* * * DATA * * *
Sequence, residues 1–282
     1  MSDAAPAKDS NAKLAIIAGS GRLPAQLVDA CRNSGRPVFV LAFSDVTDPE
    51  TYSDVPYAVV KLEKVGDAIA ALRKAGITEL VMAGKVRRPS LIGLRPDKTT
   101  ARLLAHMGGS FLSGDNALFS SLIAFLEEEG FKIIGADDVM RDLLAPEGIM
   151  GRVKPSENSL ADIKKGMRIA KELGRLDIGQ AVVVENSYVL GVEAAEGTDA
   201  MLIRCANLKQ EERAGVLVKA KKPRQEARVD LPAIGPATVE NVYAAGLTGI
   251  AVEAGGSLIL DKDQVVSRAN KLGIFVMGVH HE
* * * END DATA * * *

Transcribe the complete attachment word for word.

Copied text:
Sequence, residues 1–282
     1  MSDAAPAKDS NAKLAIIAGS GRLPAQLVDA CRNSGRPVFV LAFSDVTDPE
    51  TYSDVPYAVV KLEKVGDAIA ALRKAGITEL VMAGKVRRPS LIGLRPDKTT
   101  ARLLAHMGGS FLSGDNALFS SLIAFLEEEG FKIIGADDVM RDLLAPEGIM
   151  GRVKPSENSL ADIKKGMRIA KELGRLDIGQ AVVVENSYVL GVEAAEGTDA
   201  MLIRCANLKQ EERAGVLVKA KKPRQEARVD LPAIGPATVE NVYAAGLTGI
   251  AVEAGGSLIL DKDQVVSRAN KLGIFVMGVH HE